You finally made the leap from a wall-mounted television to a fancy new projector, but now dust particles are slowly gunking up your lens, and you can no longer see every pore on The Gladiator’s face quite like you once could. Well, you can’t use just any household cleaner to restore your projector lens to its glory days, so here’s a quick and simple guide to getting back every detail of Russel Crowe possible.
So how do you clean your projector lens?
- Make sure the projector is powered off and allow it to cool down for at least 20 minutes.
- Use a can of compressed air or a manual lens blower to blow away any debris that has gathered on the lens. Remember to keep the compressed air can upright, and to spray in short bursts to avoid damaging the glass.
- Len brushes are specifically designed to clean camera and projector lenses without damaging them. Simply brush the lens in a circular motion to remove the dust and debris.
- Using either single-use lens wipes or spraying lens cleaner on a microfiber cloth, gently wipe the lens in circular motions.
Things to Keep in Mind When Cleaning a Projector Lens
Keeping your projector lens clean can greatly improve image quality, but you don’t want to use the wrong products and cleaning methods that can damage the glass or the electronics inside, the same principle applies to other electronics as well including TV screens (as we explained before).
Things to Do When Cleaning a Lens
• Always wipe the lens in circular motions outward from the middle. If you wipe the same area more than once you are simply going to spread the debris around the glass.
• Always use products that are specifically labeled to clean lenses.
• Always keep your cleaning products like your microfiber wipes and lens brushes in safe places where they will remain clean. A dirty lens brush is basically useless.
• Always spray the air canister in short bursts to avoid damaging the glass.
Things to Avoid When Cleaning a Lens
• Never use a t-shirt to clean your lens, it WILL scratch the glass, no matter how soft it is.
• Never use your breath to wipe the lens, the acidity of your breath can damage the coating on the glass, you’re basically spitting all over it, and lens wipes are so much cheaper than new projectors.
• Never touch the glass with your fingers. Fingerprints are by far the hardest to remove and affect your picture quality the most.
• Never use glass cleaner or other household products not specifically labeled for cleaning your projector lens. The wrong wipes or chemicals could cause irreversible damage to the lens.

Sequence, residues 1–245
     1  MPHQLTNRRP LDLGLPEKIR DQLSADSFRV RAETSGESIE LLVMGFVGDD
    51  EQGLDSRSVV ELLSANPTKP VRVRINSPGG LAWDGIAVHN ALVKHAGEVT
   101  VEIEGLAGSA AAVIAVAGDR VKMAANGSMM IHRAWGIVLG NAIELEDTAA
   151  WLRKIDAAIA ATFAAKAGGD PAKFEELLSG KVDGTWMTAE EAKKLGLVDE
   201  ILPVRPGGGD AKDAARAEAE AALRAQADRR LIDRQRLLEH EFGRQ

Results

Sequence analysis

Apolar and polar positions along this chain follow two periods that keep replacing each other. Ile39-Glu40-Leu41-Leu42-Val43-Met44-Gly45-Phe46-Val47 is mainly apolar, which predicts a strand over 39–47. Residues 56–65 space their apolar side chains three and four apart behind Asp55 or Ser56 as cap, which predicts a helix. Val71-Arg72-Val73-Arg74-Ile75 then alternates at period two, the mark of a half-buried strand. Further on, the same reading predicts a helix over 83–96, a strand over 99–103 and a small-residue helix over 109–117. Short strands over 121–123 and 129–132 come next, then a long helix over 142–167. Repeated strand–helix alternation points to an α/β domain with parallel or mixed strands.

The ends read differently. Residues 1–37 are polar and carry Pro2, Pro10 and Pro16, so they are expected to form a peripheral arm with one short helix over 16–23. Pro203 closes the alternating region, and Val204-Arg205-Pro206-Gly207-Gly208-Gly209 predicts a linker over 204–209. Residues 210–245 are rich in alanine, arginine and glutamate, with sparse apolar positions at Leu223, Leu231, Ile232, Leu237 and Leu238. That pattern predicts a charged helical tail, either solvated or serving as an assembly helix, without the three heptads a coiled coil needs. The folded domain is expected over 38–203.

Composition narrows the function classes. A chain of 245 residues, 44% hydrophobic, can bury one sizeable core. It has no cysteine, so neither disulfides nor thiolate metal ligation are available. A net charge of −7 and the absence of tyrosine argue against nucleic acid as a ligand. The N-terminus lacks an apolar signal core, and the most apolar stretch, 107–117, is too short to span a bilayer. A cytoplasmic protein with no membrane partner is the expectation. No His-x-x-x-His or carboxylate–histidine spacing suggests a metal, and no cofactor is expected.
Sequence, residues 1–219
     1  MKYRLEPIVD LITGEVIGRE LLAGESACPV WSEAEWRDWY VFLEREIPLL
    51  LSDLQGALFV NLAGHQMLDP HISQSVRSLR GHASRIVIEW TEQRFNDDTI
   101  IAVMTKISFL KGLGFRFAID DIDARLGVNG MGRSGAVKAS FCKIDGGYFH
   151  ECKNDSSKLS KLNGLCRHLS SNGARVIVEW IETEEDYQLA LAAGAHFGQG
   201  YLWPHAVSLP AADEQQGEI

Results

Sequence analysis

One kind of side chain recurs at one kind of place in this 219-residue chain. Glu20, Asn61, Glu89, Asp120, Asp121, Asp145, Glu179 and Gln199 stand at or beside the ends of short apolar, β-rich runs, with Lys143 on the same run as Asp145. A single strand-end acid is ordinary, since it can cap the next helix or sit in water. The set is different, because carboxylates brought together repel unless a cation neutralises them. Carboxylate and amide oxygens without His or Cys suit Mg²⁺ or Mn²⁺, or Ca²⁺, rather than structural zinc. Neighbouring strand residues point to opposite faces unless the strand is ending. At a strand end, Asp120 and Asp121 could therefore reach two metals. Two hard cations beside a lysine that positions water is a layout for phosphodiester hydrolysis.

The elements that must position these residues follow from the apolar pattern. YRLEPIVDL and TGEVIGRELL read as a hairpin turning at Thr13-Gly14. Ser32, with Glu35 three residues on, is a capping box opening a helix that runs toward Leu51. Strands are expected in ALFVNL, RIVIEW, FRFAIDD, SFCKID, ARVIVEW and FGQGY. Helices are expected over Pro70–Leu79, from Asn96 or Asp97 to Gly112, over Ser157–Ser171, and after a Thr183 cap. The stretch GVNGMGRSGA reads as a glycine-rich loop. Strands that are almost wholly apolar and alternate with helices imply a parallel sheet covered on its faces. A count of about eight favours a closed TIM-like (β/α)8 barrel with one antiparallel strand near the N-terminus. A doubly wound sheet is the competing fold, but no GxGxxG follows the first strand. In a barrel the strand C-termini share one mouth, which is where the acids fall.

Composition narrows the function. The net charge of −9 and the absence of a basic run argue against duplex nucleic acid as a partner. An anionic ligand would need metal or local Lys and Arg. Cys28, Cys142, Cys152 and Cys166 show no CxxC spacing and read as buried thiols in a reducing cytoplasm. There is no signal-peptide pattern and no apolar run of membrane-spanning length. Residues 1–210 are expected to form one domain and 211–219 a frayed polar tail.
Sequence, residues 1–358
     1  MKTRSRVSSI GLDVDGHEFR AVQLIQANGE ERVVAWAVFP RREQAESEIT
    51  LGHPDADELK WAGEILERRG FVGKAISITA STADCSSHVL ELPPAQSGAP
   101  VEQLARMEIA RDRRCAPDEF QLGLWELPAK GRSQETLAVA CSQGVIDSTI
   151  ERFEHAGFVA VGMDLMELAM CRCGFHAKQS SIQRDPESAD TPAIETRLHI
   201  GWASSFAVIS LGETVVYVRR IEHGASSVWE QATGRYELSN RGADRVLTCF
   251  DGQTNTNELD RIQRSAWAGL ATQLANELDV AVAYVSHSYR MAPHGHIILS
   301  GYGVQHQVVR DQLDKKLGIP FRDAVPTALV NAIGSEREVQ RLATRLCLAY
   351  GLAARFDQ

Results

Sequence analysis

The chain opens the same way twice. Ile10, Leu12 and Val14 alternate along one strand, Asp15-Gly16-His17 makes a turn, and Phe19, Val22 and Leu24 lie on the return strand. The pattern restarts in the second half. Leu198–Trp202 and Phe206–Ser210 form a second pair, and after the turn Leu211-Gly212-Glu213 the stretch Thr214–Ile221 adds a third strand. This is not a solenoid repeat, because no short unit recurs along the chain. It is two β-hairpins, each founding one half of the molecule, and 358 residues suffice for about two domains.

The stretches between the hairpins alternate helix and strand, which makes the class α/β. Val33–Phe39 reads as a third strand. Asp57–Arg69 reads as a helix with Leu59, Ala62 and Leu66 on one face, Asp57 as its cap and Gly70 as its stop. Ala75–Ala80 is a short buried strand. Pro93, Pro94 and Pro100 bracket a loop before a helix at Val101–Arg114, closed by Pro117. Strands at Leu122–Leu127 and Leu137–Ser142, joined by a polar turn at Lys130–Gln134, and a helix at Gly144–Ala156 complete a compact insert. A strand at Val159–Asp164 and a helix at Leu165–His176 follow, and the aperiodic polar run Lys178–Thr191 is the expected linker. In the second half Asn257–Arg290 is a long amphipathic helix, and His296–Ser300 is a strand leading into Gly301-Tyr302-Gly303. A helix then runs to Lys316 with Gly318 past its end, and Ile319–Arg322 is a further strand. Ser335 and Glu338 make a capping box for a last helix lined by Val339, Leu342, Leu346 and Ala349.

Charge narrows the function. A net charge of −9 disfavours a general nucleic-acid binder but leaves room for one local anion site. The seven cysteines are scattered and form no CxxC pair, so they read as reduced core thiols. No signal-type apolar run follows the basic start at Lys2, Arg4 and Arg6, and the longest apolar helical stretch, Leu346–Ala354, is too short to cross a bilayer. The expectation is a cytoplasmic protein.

• Never touch the bristles of your lens brush as it will leave oils from your skin on the bristles, and then smudge that oil all over your lens the next time you clean it.
How Often Should I Clean My Projector Lens?
The tricky thing about cleaning your projector lens is: you can do it too much. For the most part, your projector should remain pretty clean unless you’re projecting screenings of Jaws at the beach, or Lawrence of Arabia in the desert. A slight amount of dust isn’t really going to impede you from seeing every detail.
Here’s a great lens cleaning kit (on Amazon) that you can use to clean your projector’s lens.
How often should you clean it then? It seems obvious, but the answer is: whenever it’s dirty. If you haven’t noticed a drop in video quality, then there’s no reason to clean the lens.
Think of it this way: every time you go to clean the glass, you’re risking damaging it. The more you’re cleaning that glass, the more opportunity you have to accidentally scuff it up. So the most important thing is to prevent it from getting dirty in the first place.
Note: It is, however, recommended to clean the projector’s air filters of dust every 3-4 months to prevent overheating.
How to Prevent Dust from Getting on a Projector Lens
There’s really only one surefire way of stopping dust from getting on your projector lens, and that’s using the lens cap every time you’re not using the projector.
Leave your house for a week-long vacation and look at how much dust your electronics have collected. The longer your projector glass is exposed, the more dust and debris it’s going to collect. It really is that simple.
You must also consider the placement of your projector in the room, ensuring it isn’t near an outgoing vent or fan that is blowing dust and debris onto the lens.
If you’re projecting things on-the-go rather than running your home theater, then you need to seriously consider how you are storing and transporting the projector. Using the original packaging is an option, but really you just don’t want it sitting out and literally collecting dust.
How Much Does Dust Affect the Projector’s Image Quality?
It actually depends on whether you have an LCD or DLP projector system. LCDs are the more common, cost-effective household projectors. LCDs are less affected by dust when it comes to image quality.
Dust simply collects on the lens and smudges the image. For LCDs, the greater danger is dust collecting in the vents and causing overheating damage to the bulb and electronics inside
DLP projectors are the more high-end and costly projectors. Most movie theaters operate off of DLP projectors but they are more susceptible to image problems caused by dust.
Dust can actually collect on the internal chips of a DLP projector and cause your image quality to become grainy, and cause specks of incorrect color on the image – especially in the blacks of your image. Fixing this problem requires actually opening up the projector, removing the chips, and cleaning them, but that’s a topic for another time.
Cleaning your projector lens is a simple and cost-effective procedure that – if done right – will have your projector back to that fresh-out-the-box picture quality. Remember the best thing you can do is prevent it from getting dirty in the first place, so slap that lens cap on whenever you’re not using it, and enjoy your screenings of Gladiator in full high-definition glory.